Sheriff: Las Vegas shooter may have been motivated by gambling losses

Sheriff Joseph Lombardo gave a lengthy on-camera interview to CBS8 in Las Vegas Wednesday during which he suggested two years of gambling losses may have contributed to Stephen Paddock’s decision to commit mass murder.

“Over time he’s gone up and down in his wealth associated with gambling and real estate and everything else that he chose to do but, you know, since 2015, September of 2015 he’s lost a significant amount of wealth,” Lombardo said. He added, “And I think that might have a determining factor on his—what he determined to do.”

Lombardo said he was impressed with the work of FBI profilers who said Paddock had a “narcissistic personality. “This individual was status driven based on how he liked to be recognized in the casino environment and how he liked to be recognized by his friends and family,” Lombardo said. “So obviously that was starting to decline in the short period of time and that may have a determining effect on why he decided to do what he did,” he added.

So Lombardo says twice that declining fortunes may have motivated the Vegas attack. However, when asked what triggered Paddock to start buying up guns in October 2016, Lombardo seemed much less certain. “We don’t know if he had a mental defect that caused him to all of a sudden change the way he was going to conduct himself,” Lombardo said.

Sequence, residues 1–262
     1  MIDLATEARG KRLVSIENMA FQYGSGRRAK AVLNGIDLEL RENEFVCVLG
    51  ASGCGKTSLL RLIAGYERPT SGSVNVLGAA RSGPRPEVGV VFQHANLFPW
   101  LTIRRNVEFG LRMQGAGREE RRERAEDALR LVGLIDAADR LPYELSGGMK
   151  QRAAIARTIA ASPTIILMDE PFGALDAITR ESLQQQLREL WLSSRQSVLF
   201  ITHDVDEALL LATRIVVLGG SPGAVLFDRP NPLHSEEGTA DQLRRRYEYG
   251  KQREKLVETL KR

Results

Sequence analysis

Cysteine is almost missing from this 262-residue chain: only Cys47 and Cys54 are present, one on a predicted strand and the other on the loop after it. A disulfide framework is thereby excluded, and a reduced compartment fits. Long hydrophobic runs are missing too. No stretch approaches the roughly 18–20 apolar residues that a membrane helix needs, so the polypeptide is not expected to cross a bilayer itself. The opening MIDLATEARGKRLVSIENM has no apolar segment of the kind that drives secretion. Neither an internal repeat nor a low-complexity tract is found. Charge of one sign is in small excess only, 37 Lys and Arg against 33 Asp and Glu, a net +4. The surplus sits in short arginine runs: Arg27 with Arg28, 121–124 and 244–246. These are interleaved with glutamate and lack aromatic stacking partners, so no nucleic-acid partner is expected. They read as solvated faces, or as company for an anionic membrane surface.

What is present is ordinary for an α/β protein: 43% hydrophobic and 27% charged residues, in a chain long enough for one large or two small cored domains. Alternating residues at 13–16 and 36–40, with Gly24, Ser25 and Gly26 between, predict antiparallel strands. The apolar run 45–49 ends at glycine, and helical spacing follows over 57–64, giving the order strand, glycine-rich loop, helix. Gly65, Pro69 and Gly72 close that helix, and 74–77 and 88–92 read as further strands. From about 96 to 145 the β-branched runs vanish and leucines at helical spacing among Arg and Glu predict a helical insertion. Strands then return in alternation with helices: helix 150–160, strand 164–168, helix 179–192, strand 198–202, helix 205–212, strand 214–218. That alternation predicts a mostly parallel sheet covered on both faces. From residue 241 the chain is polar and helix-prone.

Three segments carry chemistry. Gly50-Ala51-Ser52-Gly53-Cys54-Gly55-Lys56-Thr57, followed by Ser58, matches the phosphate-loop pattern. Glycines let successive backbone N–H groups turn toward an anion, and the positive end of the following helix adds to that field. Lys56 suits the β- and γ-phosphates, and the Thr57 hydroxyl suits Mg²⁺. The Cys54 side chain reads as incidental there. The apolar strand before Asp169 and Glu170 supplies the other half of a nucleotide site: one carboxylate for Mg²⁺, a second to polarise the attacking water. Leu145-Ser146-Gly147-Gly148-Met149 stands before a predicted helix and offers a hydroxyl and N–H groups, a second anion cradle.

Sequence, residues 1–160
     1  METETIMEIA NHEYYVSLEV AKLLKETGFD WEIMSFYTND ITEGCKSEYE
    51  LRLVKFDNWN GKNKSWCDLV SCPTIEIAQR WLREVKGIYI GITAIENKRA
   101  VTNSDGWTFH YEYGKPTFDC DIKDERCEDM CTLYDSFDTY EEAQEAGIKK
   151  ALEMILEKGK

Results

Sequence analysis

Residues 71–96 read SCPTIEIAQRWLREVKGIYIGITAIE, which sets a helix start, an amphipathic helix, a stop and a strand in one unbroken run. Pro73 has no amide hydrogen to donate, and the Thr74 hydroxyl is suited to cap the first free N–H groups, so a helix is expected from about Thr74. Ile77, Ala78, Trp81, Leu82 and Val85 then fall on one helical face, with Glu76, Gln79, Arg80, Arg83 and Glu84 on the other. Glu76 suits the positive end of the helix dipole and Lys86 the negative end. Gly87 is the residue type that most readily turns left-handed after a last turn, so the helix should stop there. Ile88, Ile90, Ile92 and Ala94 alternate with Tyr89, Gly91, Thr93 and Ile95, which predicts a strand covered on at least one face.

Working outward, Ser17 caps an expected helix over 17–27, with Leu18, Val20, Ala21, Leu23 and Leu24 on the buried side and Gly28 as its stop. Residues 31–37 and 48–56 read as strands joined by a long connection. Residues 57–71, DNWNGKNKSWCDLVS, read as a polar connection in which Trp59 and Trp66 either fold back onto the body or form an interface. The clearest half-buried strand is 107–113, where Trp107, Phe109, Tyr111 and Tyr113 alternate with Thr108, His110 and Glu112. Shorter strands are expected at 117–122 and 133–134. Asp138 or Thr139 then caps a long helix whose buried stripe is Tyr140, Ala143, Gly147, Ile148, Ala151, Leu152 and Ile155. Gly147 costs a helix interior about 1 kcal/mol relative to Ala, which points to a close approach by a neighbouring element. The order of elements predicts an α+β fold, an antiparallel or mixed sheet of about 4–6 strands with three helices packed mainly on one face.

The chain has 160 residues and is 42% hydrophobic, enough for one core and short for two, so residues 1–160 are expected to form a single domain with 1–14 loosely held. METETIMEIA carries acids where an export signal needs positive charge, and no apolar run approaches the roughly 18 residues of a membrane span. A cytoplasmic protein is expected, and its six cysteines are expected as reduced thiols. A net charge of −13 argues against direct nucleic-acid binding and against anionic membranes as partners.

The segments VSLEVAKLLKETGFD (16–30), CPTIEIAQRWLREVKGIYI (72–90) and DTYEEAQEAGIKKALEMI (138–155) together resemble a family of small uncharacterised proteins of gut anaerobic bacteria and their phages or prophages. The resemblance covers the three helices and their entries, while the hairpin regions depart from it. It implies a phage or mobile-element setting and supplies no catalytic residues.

“There was something that popped his trigger or caused him to go that direction and we have yet to determine what that is,” Lombardo said. He added, “We haven’t had that one salient point, that trigger point that made him snap.

“But we’re saying what made him snap. Obviously, he took a long time to think this out and process, obtain the weaponry, the logistics, and thought out the plan and everything else associated with it so it may be a longer-term issue that made him snap, per se. But we may not find out.”

As for changes in the timeline of events, Lombardo says he warned in advance that the timeline might change. But he says ultimately he believes the quick response of authorities helped save lives. “I believe the suspect believed the wolf was at the door and took his own life because our response, and his awareness of our response, caused him to take his life.”

The interview is available in two parts here.